By Kelly Dearmore
By Jim Schutze
By Rachel Watts
By Lauren Drewes Daniels
By Anna Merlan
By Lee Escobedo
By Alice Laussade
"I come into rehearsal with a basic idea," he explains, "but everybody definitely has freedom. I write verses and choruses and lyrics and melodies--which sounds finite--but some of the guys in the band are much more educated than I from playing jazz and more complex musical forms. So I have these ideas out of which will come bass grooves or horn lines or vocal concepts. In the most basic sense, I write 'em, but I can't stress enough how much these guys really help take the music to a new level."
Reaching new levels has been a constant part of the band's development, despite a bit of a revolving-door membership roster in the early years. A self-titled debut CD in late '95 helped refine the band's direction and membership, and, as the pieces began to fall into place, their status in the Austin music scene began to solidify. They found themselves opening for such artists as Dah-veed Garza, Little Sister (now Sister 7), the Ugly Americans, and 8 1/2 Souvenirs. They also began touring more, too, and now spend a great deal of time out of state.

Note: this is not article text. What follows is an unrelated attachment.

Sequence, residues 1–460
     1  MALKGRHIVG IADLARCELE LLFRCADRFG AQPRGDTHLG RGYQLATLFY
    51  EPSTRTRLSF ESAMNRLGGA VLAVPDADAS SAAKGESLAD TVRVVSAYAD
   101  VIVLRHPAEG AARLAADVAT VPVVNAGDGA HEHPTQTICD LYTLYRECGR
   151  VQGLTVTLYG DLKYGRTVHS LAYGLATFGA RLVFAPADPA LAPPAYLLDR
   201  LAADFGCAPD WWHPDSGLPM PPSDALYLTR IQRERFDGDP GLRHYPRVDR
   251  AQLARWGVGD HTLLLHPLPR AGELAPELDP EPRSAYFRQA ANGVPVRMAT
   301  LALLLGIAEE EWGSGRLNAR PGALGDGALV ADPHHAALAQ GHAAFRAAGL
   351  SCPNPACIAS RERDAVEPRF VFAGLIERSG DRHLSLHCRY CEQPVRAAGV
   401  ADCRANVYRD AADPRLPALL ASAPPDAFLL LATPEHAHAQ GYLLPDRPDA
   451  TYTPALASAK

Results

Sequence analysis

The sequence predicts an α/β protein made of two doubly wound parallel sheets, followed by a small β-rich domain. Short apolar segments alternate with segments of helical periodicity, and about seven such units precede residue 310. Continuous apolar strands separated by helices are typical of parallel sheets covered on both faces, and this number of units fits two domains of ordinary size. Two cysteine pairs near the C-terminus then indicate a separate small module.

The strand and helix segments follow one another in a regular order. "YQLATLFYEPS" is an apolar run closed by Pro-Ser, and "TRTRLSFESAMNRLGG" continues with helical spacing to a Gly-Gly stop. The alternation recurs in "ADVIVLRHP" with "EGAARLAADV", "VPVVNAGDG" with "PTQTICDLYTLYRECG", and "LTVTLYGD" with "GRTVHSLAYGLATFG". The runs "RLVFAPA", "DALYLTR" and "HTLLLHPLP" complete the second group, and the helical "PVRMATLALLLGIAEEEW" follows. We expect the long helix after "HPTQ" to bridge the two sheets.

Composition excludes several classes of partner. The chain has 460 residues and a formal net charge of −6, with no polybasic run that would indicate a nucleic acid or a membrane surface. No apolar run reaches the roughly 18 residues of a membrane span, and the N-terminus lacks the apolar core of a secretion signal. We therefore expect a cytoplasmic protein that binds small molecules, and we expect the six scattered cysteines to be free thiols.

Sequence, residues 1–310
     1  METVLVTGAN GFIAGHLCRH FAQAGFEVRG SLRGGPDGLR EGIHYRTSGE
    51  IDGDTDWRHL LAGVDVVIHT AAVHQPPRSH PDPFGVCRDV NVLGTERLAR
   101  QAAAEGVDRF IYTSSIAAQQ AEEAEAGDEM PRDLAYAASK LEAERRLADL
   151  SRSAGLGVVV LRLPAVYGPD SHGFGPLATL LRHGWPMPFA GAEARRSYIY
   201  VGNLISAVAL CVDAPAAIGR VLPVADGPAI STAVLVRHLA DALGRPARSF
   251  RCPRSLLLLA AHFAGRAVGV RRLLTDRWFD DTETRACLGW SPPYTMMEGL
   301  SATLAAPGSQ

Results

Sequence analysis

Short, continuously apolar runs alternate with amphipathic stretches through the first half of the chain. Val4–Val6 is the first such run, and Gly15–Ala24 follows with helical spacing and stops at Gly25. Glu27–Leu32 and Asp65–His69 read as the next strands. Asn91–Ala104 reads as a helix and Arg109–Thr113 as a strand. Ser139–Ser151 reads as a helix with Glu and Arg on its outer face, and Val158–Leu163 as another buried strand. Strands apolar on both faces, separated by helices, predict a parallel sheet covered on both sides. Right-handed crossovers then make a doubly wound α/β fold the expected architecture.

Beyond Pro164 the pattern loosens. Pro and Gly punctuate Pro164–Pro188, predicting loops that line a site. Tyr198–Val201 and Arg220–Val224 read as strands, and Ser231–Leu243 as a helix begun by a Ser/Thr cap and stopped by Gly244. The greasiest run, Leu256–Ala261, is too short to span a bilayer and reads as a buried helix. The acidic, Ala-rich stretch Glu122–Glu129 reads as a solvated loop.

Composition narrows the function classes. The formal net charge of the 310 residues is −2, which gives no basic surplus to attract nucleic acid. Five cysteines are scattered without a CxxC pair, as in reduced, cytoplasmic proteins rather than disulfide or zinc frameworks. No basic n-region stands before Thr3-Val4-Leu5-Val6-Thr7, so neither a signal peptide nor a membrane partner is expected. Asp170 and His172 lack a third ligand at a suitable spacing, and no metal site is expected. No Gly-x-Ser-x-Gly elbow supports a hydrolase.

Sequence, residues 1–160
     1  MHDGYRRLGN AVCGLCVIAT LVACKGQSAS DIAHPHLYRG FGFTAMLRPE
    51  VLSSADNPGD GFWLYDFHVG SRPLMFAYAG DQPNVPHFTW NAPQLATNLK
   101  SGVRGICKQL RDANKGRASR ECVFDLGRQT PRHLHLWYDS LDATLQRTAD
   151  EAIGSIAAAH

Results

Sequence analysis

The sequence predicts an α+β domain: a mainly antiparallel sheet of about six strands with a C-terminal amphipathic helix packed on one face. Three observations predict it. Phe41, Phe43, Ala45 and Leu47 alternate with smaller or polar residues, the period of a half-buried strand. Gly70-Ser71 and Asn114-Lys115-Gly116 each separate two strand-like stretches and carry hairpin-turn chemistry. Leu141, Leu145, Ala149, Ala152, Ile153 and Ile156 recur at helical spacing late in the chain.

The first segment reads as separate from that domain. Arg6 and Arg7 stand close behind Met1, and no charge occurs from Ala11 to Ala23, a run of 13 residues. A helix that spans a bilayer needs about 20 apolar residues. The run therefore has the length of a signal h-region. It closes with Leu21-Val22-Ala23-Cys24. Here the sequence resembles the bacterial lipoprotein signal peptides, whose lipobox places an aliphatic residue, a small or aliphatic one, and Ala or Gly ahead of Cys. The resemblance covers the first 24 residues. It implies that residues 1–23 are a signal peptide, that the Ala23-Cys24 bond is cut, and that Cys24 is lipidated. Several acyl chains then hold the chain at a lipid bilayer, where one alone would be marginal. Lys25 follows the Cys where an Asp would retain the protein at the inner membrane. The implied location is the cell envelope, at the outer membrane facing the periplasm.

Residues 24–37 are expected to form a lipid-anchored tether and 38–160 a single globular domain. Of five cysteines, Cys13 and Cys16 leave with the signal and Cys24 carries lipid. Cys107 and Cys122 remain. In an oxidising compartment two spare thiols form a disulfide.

As the current lineup manifested itself, and the Lion's Mouth sessions came and went, it was obvious Citizen Lane was creating discernible attention in a town obscured by buzz. Then the CD came out, and Citizen Lane reached the plateau where their recorded work equaled the outlandish and irresistible stage show. All the resultant notoriety makes Eubank a bit fractious.
"I think one thing is that I'm not in a hurry," says Eubank. "I've heard a lot of horror stories about bands I really respect that got a buzz going and got their deals--and then were thrown up against the wall to see if they would stick. Well, there are a whole lot of musical factors that dictate whether or not a band sticks, and then there are a whole lot of factors that have nothing to do with the band."
Though no specific big-shot management types or major labels have come calling--yet--Eubank's plan is and always has been to nurture the creative core that is Citizen Lane. To do otherwise would betray the whole concept. Besides, life under Eubank's big top is, at present, a thoroughly enjoyable thing.
"Originally," Lane says, "the new CD was going to have a bit more of a circus vibe than it does. As the songs came together, that changed a bit, but there's still that flavor to it. The title's Lion's Mouth, after all."
He pauses, then adds, "I like circus imagery: seals, tightropes, the guy that gets shot out of the cannon...There's definitely a freak-show element to Citizen Lane, not only on the record, but absolutely to the live show. We're probably sillier onstage than we sometimes should be. I can't always figure out if we're making fun of each other as a band or are being made fun of by the audience--though in a positive, participatory way. And in any case, there's a circus aspect to that, too."
And everybody likes it when the circus comes to town.